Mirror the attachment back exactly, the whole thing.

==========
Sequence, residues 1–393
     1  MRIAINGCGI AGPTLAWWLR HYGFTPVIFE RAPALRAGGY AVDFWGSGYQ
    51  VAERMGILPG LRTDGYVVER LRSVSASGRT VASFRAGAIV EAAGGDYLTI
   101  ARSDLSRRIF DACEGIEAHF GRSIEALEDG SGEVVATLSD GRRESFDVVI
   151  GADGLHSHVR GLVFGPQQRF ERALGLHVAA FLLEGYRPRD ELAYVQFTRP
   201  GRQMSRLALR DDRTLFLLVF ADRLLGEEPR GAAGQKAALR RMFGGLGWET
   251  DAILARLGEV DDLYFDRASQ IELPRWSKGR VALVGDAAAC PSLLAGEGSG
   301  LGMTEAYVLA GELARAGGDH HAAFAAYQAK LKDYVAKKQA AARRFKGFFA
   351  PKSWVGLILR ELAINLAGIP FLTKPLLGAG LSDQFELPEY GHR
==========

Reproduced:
Sequence, residues 1–393
     1  MRIAINGCGI AGPTLAWWLR HYGFTPVIFE RAPALRAGGY AVDFWGSGYQ
    51  VAERMGILPG LRTDGYVVER LRSVSASGRT VASFRAGAIV EAAGGDYLTI
   101  ARSDLSRRIF DACEGIEAHF GRSIEALEDG SGEVVATLSD GRRESFDVVI
   151  GADGLHSHVR GLVFGPQQRF ERALGLHVAA FLLEGYRPRD ELAYVQFTRP
   201  GRQMSRLALR DDRTLFLLVF ADRLLGEEPR GAAGQKAALR RMFGGLGWET
   251  DAILARLGEV DDLYFDRASQ IELPRWSKGR VALVGDAAAC PSLLAGEGSG
   301  LGMTEAYVLA GELARAGGDH HAAFAAYQAK LKDYVAKKQA AARRFKGFFA
   351  PKSWVGLILR ELAINLAGIP FLTKPLLGAG LSDQFELPEY GHR